F-22 over NE AL

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CORN

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Yeah they had the darndest time trying to get a hold of Atlanta on 299.2, i think about 6 or 7 attempts before they got acknowledged. Usually the F-22 test pilot will briefly go over to the "Victor" equivelent on 133.175 to wake up the controller and get his/her UHF "on" or at least start listening closer.
 

SteveEJ

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The assumption that the controllers need to be awakened is not right. As a retired controller I know that this rarely happens. It was more likely that the transmitter on their com console was not selected on Uniform. Some keying of Uniform frequencies has a tendency to leave the squelch on for a short time after the transmitter key is released. This can be very bothering and in some cases block what else is being heard. It is routine to do this because of these reasons. You also have to factor in the age of the radios and the fact that transmitters and receivers are not co-located. Transmitter sites and reciever sites can be a mile apart if not more in some cases.
 

123

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SteveEJ

Wow a real ATC controller I have so many questions..LOL Did you work the ATL and when did you get out?
Sounds like me. Getting paid for your hobby with a twist? When you recv from aircraft can the controller tell what mtn/sector/etc etc the rx signal came from?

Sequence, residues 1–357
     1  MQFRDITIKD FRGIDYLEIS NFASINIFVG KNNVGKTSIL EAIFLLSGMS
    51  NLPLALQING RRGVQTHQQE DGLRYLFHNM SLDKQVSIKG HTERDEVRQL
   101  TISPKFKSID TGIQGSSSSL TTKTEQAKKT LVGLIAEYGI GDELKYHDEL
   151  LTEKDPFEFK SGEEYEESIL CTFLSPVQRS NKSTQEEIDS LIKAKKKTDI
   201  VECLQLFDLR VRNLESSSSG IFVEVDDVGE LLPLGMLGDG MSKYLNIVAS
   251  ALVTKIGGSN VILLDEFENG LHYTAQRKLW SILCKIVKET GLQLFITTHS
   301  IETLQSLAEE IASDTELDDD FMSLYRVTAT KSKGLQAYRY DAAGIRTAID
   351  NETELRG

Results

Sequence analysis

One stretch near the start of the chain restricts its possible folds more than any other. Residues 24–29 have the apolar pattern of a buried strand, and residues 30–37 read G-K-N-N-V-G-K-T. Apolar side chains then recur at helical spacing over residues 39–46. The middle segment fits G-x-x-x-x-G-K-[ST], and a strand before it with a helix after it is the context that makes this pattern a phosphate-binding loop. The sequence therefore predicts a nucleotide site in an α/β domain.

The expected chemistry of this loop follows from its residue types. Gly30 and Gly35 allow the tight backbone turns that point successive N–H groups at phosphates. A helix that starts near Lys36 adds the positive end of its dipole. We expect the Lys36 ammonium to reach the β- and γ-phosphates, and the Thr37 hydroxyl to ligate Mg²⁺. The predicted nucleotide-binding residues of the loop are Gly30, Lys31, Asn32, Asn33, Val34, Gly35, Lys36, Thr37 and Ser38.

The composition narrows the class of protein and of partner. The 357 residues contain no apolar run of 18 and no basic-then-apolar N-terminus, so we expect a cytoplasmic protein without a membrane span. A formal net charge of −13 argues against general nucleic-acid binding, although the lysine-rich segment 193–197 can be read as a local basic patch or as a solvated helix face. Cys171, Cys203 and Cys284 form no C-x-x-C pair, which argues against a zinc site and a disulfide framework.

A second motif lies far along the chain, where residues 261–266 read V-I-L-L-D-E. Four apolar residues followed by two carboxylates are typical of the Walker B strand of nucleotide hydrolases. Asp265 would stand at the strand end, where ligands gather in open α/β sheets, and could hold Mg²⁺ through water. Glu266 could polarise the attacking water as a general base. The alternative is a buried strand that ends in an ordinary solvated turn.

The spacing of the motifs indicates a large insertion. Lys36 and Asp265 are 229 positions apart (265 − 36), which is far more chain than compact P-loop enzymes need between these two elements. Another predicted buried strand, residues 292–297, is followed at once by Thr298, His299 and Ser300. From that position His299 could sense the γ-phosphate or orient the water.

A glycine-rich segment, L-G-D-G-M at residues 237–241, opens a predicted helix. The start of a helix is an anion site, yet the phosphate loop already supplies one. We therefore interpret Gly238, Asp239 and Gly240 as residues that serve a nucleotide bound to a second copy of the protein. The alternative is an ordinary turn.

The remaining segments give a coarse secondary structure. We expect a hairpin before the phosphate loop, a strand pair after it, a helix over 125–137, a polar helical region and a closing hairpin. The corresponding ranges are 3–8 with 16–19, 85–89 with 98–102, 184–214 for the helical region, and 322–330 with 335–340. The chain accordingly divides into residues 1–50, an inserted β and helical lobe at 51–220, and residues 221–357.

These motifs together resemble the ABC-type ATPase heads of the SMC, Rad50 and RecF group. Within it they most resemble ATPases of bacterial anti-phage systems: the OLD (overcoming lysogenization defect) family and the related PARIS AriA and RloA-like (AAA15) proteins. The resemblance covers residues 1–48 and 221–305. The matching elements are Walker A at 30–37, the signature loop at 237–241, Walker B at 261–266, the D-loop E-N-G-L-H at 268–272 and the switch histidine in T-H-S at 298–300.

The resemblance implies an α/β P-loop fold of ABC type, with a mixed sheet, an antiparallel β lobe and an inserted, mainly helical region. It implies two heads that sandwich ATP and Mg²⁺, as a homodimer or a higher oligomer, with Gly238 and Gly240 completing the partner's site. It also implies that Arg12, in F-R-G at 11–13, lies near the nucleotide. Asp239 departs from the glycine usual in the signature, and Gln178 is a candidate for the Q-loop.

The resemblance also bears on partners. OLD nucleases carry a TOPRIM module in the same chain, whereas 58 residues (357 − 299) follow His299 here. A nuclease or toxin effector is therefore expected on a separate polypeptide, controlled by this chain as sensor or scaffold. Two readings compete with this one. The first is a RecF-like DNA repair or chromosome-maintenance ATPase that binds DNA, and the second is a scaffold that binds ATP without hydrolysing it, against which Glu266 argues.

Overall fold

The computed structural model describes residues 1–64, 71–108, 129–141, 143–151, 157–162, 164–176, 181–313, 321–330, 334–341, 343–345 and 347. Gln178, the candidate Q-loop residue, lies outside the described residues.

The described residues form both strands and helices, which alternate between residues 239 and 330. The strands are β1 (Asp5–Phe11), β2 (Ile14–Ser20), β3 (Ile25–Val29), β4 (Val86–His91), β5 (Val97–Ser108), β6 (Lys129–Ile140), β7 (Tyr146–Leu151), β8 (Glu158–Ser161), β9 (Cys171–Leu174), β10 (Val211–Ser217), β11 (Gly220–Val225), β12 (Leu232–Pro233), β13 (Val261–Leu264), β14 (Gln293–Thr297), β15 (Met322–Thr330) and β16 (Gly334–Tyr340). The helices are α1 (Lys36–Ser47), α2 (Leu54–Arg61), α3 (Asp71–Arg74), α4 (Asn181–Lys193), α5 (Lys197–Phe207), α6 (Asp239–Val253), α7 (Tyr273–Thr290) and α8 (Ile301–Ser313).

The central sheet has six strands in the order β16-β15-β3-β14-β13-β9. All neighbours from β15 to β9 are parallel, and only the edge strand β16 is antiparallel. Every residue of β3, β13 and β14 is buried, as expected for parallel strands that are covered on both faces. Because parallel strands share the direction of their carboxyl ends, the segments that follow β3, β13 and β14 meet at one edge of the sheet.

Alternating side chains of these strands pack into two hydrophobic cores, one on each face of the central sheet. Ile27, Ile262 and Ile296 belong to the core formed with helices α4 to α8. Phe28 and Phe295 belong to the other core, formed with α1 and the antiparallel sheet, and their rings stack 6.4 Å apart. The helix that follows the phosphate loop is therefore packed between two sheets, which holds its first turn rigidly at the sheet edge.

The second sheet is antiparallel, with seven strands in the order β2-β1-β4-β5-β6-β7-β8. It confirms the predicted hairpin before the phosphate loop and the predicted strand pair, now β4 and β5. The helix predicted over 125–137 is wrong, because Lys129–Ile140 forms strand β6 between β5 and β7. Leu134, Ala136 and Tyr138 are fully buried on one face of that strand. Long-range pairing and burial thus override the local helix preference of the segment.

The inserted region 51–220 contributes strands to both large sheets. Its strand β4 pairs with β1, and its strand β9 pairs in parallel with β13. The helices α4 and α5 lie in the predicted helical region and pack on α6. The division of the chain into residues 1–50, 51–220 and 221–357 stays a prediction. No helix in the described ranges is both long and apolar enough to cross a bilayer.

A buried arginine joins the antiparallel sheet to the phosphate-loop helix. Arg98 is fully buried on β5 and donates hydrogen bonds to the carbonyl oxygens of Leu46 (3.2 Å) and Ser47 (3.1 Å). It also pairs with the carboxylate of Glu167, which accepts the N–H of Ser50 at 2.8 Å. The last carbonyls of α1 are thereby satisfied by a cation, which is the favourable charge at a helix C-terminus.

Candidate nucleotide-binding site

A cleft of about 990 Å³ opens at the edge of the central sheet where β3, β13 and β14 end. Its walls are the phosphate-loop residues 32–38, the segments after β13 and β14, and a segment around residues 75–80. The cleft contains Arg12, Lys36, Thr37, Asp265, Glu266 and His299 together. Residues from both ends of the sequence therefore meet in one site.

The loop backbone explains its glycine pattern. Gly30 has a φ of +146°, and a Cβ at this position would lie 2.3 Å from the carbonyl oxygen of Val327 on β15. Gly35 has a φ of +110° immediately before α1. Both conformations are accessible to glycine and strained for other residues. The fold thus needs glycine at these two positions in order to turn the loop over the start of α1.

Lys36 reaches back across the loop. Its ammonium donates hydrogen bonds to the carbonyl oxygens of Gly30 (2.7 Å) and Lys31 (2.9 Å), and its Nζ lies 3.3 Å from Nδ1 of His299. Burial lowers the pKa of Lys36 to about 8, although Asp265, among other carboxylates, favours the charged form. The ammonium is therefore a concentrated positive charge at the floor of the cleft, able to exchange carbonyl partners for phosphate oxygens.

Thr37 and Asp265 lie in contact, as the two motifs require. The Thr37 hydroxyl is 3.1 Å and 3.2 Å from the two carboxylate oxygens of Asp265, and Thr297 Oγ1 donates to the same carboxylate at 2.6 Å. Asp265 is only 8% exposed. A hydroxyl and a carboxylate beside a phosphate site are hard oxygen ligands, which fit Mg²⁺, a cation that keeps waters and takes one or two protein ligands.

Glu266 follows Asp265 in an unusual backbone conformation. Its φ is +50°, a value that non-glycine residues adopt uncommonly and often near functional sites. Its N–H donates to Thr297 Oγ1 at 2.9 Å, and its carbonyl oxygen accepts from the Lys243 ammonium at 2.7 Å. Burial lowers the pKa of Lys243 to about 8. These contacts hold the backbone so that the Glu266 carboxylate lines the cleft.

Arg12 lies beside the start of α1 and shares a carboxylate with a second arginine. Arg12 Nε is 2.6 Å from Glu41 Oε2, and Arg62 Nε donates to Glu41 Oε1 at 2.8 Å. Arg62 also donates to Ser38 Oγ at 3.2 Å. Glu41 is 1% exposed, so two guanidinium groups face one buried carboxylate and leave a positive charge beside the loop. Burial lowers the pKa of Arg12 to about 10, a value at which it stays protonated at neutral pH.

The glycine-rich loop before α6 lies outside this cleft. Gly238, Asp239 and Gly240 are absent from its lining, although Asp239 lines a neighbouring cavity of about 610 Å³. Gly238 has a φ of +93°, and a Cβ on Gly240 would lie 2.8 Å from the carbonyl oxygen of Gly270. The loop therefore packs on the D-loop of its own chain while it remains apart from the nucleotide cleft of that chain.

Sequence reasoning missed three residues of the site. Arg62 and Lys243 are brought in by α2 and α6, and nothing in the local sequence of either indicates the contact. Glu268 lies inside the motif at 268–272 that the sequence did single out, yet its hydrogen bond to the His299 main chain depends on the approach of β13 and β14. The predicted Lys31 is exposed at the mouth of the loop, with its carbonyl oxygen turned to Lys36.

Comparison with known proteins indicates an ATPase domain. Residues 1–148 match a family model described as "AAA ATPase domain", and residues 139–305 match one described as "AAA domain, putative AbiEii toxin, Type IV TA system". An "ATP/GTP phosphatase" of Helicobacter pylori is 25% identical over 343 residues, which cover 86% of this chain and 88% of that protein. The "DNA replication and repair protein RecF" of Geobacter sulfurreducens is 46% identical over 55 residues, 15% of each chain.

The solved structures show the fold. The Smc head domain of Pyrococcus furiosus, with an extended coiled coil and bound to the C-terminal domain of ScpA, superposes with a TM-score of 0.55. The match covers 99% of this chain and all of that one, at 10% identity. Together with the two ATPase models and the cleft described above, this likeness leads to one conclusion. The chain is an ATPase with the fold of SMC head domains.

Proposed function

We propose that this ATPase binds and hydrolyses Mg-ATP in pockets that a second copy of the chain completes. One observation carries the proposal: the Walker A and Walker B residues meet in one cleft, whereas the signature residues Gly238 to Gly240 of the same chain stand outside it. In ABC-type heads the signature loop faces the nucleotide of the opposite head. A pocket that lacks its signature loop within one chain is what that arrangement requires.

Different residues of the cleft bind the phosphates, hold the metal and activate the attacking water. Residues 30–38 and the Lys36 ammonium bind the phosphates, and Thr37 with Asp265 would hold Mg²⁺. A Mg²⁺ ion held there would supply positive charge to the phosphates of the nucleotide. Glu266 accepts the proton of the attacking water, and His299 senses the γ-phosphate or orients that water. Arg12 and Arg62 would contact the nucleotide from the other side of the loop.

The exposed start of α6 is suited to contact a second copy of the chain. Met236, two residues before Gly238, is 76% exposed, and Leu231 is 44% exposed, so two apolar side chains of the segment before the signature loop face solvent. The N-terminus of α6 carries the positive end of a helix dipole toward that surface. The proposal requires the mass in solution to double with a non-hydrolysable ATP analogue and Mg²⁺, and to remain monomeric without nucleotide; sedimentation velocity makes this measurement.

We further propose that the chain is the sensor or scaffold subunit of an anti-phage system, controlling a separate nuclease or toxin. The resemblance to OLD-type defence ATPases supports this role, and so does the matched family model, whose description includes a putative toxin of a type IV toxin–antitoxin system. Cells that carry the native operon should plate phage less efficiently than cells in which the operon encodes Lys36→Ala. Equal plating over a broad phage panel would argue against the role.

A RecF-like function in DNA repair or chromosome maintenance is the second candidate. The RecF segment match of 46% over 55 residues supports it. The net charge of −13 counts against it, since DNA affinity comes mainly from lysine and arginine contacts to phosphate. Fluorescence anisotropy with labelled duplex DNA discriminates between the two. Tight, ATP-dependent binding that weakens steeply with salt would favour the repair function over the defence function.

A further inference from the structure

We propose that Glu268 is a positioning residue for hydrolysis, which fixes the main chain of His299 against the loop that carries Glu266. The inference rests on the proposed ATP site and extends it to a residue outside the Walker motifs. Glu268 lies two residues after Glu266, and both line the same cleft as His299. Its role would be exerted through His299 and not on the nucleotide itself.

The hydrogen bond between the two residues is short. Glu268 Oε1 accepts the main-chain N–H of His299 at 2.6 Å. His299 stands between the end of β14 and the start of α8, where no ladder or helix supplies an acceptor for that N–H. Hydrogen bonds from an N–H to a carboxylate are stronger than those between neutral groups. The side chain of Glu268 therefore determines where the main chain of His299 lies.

CORN

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The assumption that the controllers need to be awakened is not right. As a retired controller I know that this rarely happens. It was more likely that the transmitter on their com console was not selected on Uniform. Some keying of Uniform frequencies has a tendency to leave the squelch on for a short time after the transmitter key is released. This can be very bothering and in some cases block what else is being heard. It is routine to do this because of these reasons. You also have to factor in the age of the radios and the fact that transmitters and receivers are not co-located. Transmitter sites and reciever sites can be a mile apart if not more in some cases.
Calm down Steve, that was a figure of speech. I know they aren't asleep. The Memphis Ctr (Jackson-McKellar, 354.0) high sector has the same problems on their UHF. Their transmitter/reciever isn't the greatest. The ones i hear (Memphis @ Nashville mainly) where i can actually hear the RCAG both UHF and VHF are simulcasted by ATC. I just find it interesting they don't have the same kind of reception to hearing a UHF call as they do VHF. Thanks for clearing it up, after my sarcasm.
 

zguy1243

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Calhoun Georgia
I have some questions for the ATC controller too. I too have been listening to ATC/military comms since I was 7 years old- yeah 7, its bad.

I have heard the controller mention that they had their UHF turned down. Maybe there is a seperate volume for the UHF side. Some of my questions would be:

What ARTCC did you work at?
How much traffic really exist above FL600? and can you elaborate on some the high flyers that you have had on your scope?
Where would I get a sector map for the Atlanta center airspace? (a map that shows low and high altitude sectors with their respective frequencies)
I know that most ATC sectors have numerous receive and transmit sites. Tell us more about this. I know that some have remote receivers at airports that use center freqs for clearance delivery as a example.
Is their a military liaison officer at every ARTCC to handle mil issues in the center?

Sorry for all the questions but it is so hard to get good information anymore. Thanks in advance for any information and for keeping the skies safe in your career of service.

Jody
 
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